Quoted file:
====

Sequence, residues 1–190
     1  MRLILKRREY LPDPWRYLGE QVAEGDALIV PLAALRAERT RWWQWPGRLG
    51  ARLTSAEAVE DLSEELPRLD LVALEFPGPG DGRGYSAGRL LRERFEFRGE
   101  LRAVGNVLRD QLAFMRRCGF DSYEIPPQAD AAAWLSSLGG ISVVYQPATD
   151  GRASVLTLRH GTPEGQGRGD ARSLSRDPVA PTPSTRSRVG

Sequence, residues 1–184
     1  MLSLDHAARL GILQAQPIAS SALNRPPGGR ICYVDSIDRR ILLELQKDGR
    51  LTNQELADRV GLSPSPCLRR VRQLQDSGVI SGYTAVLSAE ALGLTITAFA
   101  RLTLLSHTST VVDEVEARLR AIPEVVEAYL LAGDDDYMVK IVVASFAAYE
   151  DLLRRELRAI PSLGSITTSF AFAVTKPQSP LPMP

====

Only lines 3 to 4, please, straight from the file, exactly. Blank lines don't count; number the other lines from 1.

    51  ARLTSAEAVE DLSEELPRLD LVALEFPGPG DGRGYSAGRL LRERFEFRGE
   101  LRAVGNVLRD QLAFMRRCGF DSYEIPPQAD AAAWLSSLGG ISVVYQPATD